This chapter focuses on three areas: 

  1. providing a baseline summary of climate and climate change for Montana—with a focus on changes in temperature, precipitation, and extreme events—including reviewing the fundamentals of climate change science;
  2. reviewing historical trends in Montana’s climate, and what those trends reveal about how our climate has changed in the past century, changes that are potentially attributable to world-wide increases in greenhouse gases; and
  3. considering what today’s best available climate models project regarding Montana’s future, and how certain we can be in those projections.

This chapter serves as a foundation for the Montana Climate Assessment, providing information on present-day climate and climate terminology, past climate trends, and future climate projections. This foundation then serves as the basis for analyzing three key sectors of Montana—water, forests, and agriculture—considered in the other chapters of this assessment. In the sections below, we introduce the climate science and discuss important fundamental processes that determine whether climate remains constant or changes.

 


NATURAL AND HUMAN CAUSES OF CLIMATE CHANGE

 

Climate is driven largely by radiation from the sun. Incoming solar radiation may be reflected, absorbed by land surface and water bodies, transformed (as in photosynthesis), or emitted from the land surface as longwave radiation. Each of these processes influences climate through changes to temperature, winds, the water cycle, and more. The overall process is best understood by considering the Earth’s energy budget (see sidebar).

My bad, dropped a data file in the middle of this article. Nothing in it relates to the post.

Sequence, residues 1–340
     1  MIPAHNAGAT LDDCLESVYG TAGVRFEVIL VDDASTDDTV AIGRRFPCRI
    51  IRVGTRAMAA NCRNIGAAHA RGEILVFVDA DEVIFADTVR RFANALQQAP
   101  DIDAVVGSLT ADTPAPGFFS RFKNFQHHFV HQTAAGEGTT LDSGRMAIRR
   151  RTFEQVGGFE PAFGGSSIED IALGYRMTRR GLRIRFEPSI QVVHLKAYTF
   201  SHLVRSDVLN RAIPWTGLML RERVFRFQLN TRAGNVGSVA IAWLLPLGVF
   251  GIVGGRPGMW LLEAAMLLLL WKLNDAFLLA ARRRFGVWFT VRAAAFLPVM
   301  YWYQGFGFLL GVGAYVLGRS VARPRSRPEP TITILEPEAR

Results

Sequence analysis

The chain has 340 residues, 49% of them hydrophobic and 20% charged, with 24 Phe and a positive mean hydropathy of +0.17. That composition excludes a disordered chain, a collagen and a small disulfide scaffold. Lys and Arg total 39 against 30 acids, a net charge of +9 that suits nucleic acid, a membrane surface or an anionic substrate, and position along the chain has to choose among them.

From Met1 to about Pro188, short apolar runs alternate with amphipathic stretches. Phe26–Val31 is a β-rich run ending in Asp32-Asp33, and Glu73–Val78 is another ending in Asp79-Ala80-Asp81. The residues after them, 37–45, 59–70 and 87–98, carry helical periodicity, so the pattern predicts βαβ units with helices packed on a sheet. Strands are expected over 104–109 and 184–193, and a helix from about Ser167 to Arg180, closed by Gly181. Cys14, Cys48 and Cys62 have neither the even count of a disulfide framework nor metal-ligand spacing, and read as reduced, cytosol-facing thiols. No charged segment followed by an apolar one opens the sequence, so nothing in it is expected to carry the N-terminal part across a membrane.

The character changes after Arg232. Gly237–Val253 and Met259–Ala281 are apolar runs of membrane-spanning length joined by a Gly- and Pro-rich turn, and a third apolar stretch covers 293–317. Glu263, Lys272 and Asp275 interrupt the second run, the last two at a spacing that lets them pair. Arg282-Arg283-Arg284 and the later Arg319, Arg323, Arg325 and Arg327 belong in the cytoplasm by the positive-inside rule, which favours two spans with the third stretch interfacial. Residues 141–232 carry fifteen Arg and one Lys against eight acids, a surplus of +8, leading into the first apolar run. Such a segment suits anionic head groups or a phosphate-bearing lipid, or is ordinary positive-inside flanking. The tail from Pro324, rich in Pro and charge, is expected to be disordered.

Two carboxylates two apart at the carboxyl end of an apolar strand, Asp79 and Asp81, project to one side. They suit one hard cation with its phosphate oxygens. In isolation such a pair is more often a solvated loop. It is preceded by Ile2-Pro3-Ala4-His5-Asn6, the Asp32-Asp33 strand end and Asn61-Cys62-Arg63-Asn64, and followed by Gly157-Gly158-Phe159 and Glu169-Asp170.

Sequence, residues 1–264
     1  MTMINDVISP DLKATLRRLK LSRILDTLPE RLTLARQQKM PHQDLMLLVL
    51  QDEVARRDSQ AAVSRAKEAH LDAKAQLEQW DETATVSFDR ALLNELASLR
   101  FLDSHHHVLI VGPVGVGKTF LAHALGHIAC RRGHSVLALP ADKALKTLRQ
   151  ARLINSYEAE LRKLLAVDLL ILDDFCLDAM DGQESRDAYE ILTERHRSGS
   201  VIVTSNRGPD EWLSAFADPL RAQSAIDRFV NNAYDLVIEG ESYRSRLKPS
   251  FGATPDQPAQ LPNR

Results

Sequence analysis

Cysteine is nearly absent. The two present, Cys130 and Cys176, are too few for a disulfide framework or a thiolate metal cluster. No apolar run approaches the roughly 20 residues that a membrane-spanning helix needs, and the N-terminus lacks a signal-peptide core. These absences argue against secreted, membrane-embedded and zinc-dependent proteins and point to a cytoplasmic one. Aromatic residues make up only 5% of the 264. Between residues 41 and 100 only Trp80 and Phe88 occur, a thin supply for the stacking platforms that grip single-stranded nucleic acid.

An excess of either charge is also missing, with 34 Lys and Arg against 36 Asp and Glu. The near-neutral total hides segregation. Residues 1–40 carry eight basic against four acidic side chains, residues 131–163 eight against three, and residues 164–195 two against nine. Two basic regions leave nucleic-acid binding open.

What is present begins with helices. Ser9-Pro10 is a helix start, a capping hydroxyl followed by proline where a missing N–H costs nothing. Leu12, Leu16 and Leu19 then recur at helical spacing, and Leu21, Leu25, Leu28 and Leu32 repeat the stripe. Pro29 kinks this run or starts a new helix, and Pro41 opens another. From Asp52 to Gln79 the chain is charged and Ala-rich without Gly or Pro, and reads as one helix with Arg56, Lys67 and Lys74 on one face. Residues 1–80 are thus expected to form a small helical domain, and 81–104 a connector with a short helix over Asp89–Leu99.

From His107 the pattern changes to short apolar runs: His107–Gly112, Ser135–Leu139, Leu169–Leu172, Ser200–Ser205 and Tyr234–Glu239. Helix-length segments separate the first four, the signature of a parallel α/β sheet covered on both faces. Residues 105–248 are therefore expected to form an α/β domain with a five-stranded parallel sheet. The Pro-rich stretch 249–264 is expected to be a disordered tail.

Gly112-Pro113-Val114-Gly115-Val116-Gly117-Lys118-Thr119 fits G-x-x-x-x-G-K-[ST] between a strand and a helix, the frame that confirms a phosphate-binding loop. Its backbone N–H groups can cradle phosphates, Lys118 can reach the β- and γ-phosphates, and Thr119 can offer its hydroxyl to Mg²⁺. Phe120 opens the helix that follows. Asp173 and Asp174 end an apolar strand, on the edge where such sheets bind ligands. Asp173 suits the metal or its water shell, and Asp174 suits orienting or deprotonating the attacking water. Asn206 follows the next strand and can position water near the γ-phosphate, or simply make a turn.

The Earth’s Energy Budget

The Earth’s climate is driven by the sun. The balance between incoming and outgoing radiation—Earth’s radiation or energy budget—determines the energy available for changes in temperature, precipitation, and winds and, hence, influences atmospheric chemistry and the hydrologic cycle. The Earth’s surface, atmosphere, and clouds absorb a portion of incoming solar radiation, thereby increasing temperatures. Energy as longwave radiation (heat) is re-emitted to the atmosphere, clouds, or space, thereby reducing temperatures at the source. If the absorbed solar radiation and emitted heat are in balance, the Earth’s temperature remains constant.

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The Earth’s radiation balance is the main driver of our climate. Image courtesy of National Aeronautics and Space Administration (NASA undated).

 

 

 

Natural factors contributing to past climate change are well documented and include changes in atmospheric chemistry, ocean circulation patterns, solar radiation intensity, snow and ice cover, Earth’s orbital cycle around the sun, continental position, and volcanic eruptions. While these natural factors are linked to past climate change, they are also incorporated in the analysis of current climate change.

Since the Industrial Revolution, global climate has changed faster than at any other time in Earth’s history (Mann et al. 1999). This rapid rate of change—often referred to as human-caused climate change—has resulted from changes in atmospheric chemistry, specifically increases in greenhouse gases due to increased combustion of fossil fuels, land-use change (e.g., deforestation), and fertilizer production (Figure 2-1) (Forster et al. 2007). The primary greenhouse gases in the Earth’s atmosphere are carbon dioxide (CO2), methane (CH4), nitrous oxide (N2O), water vapor (H2O), and ozone (O3).

 

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Figure 2-1. Changes in important global atmospheric greenhouse gas concentrations from year 0 to 2005 AD (ppm, ppb = parts per million and parts per billion, respectively) (Forster et al. 2007).

 

Incoming solar radiation is either absorbed, reflected, or re-radiated from the Earth’s surface. Since greenhouse gas concentrations are greatest near the surface, a large fraction of this reflected and re-radiated energy is absorbed in the lower portions of the atmosphere (hence the increase in surface temperatures and the term “greenhouse effect”—see sidebar). For the total energy budget to balance, the energy (and temperature) at the top of the atmosphere must decrease to account for the increase of energy (and temperature) near the Earth’s surface.